Amsterdam Guide, Historical Heritage

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Nothing in Amsterdam's modern persona (like the fact that it is the fourth most popular tourist destination in Europe behind London, Paris and Rome or that over a quarter of its population is Moroccan and Turkish) hints at its somewhat soggy beginnings. Read on for a condensed Amsterdam guide through history.

Amsterdam began life as a swamp. Archaeology proves the Romans passed through but the city's first real inhabitants were 12th century fishermen and farmers. With the aid of dams and dykes, the city grew steadily through the 13th and 14th centuries. When Spanish merchants realized how vital a location Amsterdam held, linking trade with the Northern seas to southern Europe, the city boomed.

Condensed historical Amsterdam Guide William of Orange

As Amsterdam grew wealthier and class discrepancies wider, the religious struggles of the Reformation began as a way for the Calvinist merchant classes to identify themselves against the Spanish Catholic aristocrats. Amsterdam broke free from Spanish rule in 1578, declaring independence, and neutrality, with seven Northern provinces to become the Netherlands.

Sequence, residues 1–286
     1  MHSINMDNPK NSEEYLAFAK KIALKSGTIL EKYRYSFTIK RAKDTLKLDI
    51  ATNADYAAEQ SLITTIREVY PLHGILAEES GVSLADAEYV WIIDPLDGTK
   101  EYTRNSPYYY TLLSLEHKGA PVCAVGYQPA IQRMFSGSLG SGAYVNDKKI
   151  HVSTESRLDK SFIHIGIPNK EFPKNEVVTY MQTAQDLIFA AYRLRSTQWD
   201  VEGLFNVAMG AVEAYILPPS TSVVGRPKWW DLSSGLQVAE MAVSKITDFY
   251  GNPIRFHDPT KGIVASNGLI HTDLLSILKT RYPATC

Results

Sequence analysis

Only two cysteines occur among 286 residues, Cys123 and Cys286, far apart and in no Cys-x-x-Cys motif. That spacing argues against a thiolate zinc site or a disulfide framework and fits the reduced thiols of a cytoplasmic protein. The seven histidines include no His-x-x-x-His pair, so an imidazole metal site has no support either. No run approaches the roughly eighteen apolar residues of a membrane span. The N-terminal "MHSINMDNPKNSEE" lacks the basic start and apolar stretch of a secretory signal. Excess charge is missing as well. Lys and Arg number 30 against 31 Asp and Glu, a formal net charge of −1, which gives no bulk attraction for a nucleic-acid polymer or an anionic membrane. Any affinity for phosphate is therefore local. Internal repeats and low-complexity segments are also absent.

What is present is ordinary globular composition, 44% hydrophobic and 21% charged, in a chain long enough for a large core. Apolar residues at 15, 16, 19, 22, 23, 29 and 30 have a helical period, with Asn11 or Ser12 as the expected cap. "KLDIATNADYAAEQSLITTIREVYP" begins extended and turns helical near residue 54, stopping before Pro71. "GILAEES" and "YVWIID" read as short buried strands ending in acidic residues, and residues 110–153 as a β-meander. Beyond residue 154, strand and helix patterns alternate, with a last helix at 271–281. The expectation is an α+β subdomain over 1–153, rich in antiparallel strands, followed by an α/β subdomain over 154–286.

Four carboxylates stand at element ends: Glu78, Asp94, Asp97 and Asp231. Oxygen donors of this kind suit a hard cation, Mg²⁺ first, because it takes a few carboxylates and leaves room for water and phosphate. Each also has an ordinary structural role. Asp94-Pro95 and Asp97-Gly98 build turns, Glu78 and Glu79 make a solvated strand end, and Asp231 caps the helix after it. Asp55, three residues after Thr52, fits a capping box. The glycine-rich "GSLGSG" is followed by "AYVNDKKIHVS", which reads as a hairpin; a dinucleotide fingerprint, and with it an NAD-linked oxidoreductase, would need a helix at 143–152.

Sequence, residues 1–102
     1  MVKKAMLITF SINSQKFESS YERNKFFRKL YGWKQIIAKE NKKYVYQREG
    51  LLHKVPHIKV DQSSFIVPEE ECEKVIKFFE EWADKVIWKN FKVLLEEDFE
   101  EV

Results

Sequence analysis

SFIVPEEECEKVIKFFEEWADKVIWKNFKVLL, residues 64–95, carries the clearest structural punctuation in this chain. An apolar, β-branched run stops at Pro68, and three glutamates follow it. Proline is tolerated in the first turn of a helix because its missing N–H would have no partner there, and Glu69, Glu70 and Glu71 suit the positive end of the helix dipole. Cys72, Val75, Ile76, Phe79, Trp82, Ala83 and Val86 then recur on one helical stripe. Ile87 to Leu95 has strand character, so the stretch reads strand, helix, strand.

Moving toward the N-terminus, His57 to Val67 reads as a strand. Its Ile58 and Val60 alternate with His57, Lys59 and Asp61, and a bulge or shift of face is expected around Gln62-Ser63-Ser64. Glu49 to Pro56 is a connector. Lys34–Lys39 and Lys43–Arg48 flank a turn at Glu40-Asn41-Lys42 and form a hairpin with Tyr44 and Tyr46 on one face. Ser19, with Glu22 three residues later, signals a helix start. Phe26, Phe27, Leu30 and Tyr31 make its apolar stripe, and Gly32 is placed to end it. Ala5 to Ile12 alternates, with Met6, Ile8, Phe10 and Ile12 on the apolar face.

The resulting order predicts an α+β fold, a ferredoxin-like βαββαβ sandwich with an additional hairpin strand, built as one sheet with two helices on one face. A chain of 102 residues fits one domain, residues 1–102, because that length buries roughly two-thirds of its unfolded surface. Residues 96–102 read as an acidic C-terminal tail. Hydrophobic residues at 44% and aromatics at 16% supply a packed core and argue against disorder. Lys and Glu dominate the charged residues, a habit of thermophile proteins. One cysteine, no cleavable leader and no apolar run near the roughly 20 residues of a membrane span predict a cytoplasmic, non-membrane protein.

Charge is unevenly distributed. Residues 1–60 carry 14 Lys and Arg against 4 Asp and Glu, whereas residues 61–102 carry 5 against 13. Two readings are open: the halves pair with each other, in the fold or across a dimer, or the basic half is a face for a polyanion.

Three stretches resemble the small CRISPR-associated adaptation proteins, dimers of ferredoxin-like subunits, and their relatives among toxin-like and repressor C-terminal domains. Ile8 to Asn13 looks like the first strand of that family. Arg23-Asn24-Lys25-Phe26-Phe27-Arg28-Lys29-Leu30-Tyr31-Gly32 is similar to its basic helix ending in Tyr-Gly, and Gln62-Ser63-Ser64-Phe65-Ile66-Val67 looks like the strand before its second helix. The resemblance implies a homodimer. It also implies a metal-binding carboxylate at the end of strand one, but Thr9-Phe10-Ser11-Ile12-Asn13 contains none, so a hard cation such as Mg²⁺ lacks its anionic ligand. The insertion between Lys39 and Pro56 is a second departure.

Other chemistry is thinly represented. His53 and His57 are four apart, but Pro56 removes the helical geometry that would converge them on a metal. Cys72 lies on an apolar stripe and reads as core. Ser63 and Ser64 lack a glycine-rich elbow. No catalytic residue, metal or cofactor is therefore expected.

Under the rule of William of Orange, from whom the Dutch royal family descends, Amsterdam found a Golden Age that lasted from the late 16th century to the mid 18th century. Dutch trade, fishing and merchant ships ruled the seas and the city rang with wealth. But when the British Fleet started to dominate the seas and spread its Empire around the world, Amsterdam was reduced to a peaceful trading town for the next 150 years.

The 20th century heralded more change in Amsterdam ; industry surged and steel mills sprung up across the country. The neutral nation was relatively uncompromised during WWI, but was hit hard by the depressed 1930s as unemployment claimed 25 percent of the population. Even the briefest Amsterdam guide must mention the effect WWII had on the city; for the first time in almost 400 years the city fell to another nation's control. The Germans invaded in 1940 and began systematically removing the city's Jewish population. Amsterdam lost the greatest proportion of Jews in Western Europe; the underground Resistance (their work immortalized today in Amsterdam's Verzetsmuseum) managed to save one in 16 people.

No Amsterdam guide is complete without mentioning the years the city spent recovering after WWII; it wasn't until the 1960s when Amsterdam was flooded with hippies, anarchists, students and crusaders for civil rights that the city considered itself fully back on its feet. Progressive social attitudes prevailed throughout the 1980s and Amsterdam assumed the attitude of tolerance it prides itself on today. But as issues regarding uncontrolled immigration arise, only history will tell what the future brings.